Questions about the Supreme Court’s vacillation and seeming incapacity to enforce its judgments, have diminished judicial prestige
As India joined the world in celebrating human dignity on Global Dignity Day earlier this month (October 21), regrettably, over seven decades after Independence, we face a legitimate interrogation about our faltering record in the advancement of a defining national aspiration. India stands at number 94 out of 107 countries evaluated on the Global Hunger Index, with over 140 million undernourished children. Unabated cases of rape, encounter deaths, custodial torture, abuse of elders and children, depriving people of basic human rights and the loss of dignity of the marginalised multitude, the suborning of fundamental freedoms by a muscular State and a fraying democracy mock the constitutional promise of fraternity, with individual dignity as its principal constituent. Even though the Supreme Court, as our Constitution’s designated guardian, has declared that the right to life under Article 21, without dignity, is like “a sound that is not heard”, a continuing loss of dignity is a painful reality.
Recent events of far-reaching importance involving the executive and judiciary have raised concerns about the institutional role and failure in advancing the Constitution’s promise of dignity. An unprecedented letter by the Andhra Pradesh chief minister to the Chief Justice of India, in which he complained about interference by a senior Supreme Court judge in the administration of justice by certain Andhra Pradesh high court judges, has compromised the institutional integrity and dignity of the higher judiciary. Making public his letter, on a sensitive subject under the Chief Justice’s consideration, the state’s chief executive hasn’t done justice to his office either. While judges must defend their dignity and vindicate their oath of office, the chief minister also cannot escape the burden of constitutional discipline and the high standards of rectitude expected of him.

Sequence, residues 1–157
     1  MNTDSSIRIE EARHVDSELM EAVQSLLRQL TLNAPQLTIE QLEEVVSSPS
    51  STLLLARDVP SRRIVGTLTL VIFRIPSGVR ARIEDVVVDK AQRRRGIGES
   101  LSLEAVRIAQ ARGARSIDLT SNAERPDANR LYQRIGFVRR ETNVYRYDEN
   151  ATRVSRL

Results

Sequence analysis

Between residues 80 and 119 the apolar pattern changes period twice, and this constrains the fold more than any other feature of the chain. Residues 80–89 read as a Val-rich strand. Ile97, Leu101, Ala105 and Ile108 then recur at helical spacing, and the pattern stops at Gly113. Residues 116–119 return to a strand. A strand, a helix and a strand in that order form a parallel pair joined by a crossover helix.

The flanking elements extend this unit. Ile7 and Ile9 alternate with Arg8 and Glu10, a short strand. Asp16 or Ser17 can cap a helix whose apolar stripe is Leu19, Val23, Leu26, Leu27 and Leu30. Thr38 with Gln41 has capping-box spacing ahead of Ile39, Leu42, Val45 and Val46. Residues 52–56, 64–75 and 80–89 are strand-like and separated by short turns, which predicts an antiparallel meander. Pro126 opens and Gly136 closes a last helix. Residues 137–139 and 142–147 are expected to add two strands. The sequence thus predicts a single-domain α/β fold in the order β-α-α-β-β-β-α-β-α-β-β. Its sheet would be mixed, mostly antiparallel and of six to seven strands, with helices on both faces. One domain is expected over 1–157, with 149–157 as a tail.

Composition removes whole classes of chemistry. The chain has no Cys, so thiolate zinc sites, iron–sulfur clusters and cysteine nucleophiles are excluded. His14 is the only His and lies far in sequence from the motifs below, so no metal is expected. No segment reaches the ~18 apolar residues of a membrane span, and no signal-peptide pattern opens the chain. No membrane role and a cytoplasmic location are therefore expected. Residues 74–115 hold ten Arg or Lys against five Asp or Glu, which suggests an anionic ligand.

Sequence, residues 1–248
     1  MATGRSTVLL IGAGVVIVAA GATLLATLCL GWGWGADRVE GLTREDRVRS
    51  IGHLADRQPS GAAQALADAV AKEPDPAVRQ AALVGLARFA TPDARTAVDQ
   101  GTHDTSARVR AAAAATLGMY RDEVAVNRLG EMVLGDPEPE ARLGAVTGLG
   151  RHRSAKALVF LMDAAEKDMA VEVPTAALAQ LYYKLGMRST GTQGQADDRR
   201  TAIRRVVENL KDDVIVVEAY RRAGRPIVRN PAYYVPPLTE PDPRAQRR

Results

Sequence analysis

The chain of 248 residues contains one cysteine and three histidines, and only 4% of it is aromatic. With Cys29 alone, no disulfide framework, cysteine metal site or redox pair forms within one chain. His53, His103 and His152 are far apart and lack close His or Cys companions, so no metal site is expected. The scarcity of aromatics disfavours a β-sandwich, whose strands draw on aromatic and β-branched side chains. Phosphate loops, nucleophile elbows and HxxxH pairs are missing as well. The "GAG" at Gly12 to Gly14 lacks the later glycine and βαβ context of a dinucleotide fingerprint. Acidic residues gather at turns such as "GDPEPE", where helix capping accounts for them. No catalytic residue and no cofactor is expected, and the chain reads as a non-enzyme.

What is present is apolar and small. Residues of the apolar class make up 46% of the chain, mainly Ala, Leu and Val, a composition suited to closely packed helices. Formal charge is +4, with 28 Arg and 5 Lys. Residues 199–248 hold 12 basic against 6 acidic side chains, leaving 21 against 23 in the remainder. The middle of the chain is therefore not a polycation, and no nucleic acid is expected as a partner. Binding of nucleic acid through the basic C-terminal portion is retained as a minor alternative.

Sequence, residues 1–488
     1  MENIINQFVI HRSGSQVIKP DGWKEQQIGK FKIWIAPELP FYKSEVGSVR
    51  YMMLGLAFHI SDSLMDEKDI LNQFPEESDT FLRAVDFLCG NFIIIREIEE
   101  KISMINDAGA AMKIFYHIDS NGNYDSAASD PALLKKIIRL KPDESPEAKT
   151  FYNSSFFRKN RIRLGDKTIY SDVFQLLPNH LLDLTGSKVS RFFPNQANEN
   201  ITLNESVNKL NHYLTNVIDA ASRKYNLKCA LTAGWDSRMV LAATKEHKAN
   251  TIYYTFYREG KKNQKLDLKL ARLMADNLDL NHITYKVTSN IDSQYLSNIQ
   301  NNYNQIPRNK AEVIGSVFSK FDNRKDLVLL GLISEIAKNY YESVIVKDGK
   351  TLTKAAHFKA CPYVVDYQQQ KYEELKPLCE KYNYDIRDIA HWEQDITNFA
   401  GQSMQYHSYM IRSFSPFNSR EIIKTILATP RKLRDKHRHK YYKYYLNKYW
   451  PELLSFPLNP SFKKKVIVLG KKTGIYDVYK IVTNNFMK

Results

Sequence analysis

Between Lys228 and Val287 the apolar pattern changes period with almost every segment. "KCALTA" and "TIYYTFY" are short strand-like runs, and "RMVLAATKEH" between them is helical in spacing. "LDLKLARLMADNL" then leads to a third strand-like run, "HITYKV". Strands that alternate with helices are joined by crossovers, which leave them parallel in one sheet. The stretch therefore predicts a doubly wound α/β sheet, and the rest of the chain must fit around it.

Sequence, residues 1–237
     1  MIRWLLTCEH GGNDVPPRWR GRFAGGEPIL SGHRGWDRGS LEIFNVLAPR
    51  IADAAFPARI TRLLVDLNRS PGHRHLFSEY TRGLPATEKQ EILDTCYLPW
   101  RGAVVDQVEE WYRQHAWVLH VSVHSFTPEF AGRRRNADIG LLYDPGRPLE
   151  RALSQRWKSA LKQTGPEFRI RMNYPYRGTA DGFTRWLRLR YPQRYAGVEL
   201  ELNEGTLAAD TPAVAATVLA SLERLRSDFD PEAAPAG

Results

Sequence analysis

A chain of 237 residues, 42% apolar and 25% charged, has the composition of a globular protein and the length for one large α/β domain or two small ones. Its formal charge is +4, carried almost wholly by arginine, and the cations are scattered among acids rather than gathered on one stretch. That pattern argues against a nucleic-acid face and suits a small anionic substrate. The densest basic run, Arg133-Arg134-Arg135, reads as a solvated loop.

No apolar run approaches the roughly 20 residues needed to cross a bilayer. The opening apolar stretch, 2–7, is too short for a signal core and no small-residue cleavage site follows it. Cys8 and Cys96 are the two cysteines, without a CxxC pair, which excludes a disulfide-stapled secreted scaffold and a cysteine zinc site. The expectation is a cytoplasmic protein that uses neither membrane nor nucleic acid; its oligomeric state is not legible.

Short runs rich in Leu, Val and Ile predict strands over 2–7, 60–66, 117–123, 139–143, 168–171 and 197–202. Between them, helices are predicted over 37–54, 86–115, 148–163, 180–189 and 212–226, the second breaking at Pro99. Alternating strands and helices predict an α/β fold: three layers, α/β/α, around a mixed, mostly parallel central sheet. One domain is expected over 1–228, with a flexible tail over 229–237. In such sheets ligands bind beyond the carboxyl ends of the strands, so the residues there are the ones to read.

Whether a criminal contempt action against the CM can alone redeem the prestige and dignity of the higher judiciary is debatable. Judging from the public response to the contempt proceedings in Prashant Bhushan’s case, only an unanswerable case of criminal contempt founded on clear mala fide by the CM would invest the punitive judicial remedy with credibility and a moral appeal. A credible resolution of a complex situation will indeed test the wisdom of the wise and the inter-institutional capacity to advance constitutional justice. A restrained and sparing use adds to the legitimacy of the contempt jurisdiction, and till recently this was the court’s preferred approach. This is because the authority and dignity of the higher judiciary as custodian of the constitutional principle rests not on the “coercive power of the judges but the deference and respect which is paid to them and their acts”. Judicial dignity is clearly anchored in its moral rightness rather than a colonial heritage of enforced dignity in a republic of free men. The courts’ majesty lies in the objectivity, consistency and intellectual integrity of their judgments, which must remain open to public scrutiny and fair comment. Judicial dignity, in the final analysis, is a function of the community’s responsive chord to its pronouncements based upon a shared sense of justice. Judicial excess or abdication are both fatal to judicial prestige.